Snack Crack

I’m in love with Pretz — crispy little breadsticks covered in salt and umami.  In Nagoya we did a riverside taste test: clockwise from the top left, we tried salad サラダ, gyoza 餃子, black pepper chicken wings 手羽先, and citrus すだち. The black pepper wings were the obvious winner.

A quick Google search of Pretz cemented my love — check out the YouTube cache here. Warning, it may cause seizures. Please take note that Pretz is pronounced like the classy Pennsylvania gas establishment Sheetz (Ah Sheetz! I dropped my Pretz!), not like the Pennsylvania snack food, the pretzel. The recommended method for eating Pretz is to snap them in half. I prefer to inhale them, teeth continuously chomping like the wood chipper in Fargo. “Where is Pancakes House?” Who cares, I have Pretz.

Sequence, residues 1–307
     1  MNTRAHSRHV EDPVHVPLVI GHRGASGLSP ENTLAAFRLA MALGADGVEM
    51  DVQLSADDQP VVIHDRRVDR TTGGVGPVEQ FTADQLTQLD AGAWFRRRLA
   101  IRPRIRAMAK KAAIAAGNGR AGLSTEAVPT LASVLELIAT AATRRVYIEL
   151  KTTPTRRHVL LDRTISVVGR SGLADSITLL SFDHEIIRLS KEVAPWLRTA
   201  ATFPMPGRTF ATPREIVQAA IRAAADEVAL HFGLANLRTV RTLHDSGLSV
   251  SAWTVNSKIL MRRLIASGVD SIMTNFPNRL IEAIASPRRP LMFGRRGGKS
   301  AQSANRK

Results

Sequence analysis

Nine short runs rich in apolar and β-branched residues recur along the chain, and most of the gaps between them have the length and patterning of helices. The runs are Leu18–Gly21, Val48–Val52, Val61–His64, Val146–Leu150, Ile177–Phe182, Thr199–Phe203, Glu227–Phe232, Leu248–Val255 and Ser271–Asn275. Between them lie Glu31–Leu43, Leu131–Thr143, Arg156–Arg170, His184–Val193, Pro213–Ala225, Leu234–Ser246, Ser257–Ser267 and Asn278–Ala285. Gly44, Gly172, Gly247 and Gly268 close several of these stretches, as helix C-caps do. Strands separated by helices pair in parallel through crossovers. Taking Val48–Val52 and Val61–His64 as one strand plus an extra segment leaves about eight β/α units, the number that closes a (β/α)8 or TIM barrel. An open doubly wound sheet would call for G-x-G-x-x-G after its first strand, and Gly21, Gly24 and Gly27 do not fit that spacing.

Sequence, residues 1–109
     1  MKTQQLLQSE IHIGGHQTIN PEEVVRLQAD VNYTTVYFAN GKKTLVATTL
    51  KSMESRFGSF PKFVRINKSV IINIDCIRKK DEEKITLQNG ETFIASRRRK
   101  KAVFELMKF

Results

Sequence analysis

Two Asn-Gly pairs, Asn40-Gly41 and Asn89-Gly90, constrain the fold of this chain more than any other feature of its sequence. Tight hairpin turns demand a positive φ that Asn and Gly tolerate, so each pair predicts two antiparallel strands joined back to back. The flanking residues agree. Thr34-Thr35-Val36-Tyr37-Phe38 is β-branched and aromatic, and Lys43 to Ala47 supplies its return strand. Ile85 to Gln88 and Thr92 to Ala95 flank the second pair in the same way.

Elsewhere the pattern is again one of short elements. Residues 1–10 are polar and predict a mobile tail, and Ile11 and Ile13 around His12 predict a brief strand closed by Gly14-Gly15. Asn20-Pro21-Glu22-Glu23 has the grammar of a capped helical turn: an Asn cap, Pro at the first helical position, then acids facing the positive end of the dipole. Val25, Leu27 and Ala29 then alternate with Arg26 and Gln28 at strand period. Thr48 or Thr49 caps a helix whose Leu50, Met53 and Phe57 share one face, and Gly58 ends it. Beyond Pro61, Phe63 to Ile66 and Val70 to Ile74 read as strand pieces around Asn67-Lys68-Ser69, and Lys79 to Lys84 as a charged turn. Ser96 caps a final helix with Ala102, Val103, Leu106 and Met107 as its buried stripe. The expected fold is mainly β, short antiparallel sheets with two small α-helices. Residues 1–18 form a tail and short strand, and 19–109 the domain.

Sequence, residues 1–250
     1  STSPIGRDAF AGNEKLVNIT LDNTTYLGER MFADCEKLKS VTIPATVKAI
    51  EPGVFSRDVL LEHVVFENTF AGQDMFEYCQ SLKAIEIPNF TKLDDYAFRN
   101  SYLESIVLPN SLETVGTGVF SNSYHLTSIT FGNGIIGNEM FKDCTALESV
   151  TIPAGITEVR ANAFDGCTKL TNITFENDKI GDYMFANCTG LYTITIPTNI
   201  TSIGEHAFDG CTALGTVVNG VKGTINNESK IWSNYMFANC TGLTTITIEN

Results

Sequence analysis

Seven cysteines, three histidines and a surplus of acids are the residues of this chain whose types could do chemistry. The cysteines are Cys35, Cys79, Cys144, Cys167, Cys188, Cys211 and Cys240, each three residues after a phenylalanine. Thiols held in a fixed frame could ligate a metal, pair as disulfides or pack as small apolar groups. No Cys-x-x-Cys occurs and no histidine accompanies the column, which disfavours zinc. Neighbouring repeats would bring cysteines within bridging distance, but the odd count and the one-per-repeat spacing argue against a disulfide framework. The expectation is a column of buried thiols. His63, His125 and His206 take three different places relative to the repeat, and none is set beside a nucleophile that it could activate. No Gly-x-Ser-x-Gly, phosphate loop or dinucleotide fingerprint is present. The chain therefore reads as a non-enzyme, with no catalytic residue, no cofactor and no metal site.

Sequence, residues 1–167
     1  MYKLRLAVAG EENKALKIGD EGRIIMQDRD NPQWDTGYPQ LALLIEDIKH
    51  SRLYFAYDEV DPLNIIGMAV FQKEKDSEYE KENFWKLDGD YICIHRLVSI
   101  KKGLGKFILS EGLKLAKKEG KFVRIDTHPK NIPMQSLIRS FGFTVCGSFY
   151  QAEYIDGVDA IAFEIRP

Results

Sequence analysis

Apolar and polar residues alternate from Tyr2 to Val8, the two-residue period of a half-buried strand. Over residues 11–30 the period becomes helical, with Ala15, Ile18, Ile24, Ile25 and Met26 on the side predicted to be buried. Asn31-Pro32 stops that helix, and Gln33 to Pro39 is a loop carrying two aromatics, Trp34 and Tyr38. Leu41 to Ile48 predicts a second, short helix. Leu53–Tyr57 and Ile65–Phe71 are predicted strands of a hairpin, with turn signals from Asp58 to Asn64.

Snack food companies in Japan are good at throwing new, crazy flavors at you so you’ll continue to buy their products, as if the addict needs another excuse. A recent find, just butter ジャガバタ:

And there are many, many more. Sorry crafts, it looks like I have a new hobby.

Turkish Delights

Not all things in Tokyo are kawaii (adorable cuteness in Japanese pop culture), but let’s face it, many are just too lovable and awesome not to mention.  Like Namja Town.  Dan and I accidentally stumbled upon this gyoza and ice cream nirvana, and were simultaneously bewildered and amazed with what we found.  (By the way, if you follow the links and are confused, have no fear — you are in good company.  I still feel that way.)   Namja Town is a food theme park, where you can try gyoza (dumplings) from different parts of Japan, and visit an ice cream museum full of flavors you never wanted to know existed, including…

Turkish tea ice cream, in a cone, dressed up like a Turkish man.  It was also served by a (seemingly) Turkish man, who twirled it upside down before handing it over, making all the teenage girls in line shriek with delight.  Please take note of the licorice scarf, my favorite part.  This little man didn’t stand a chance.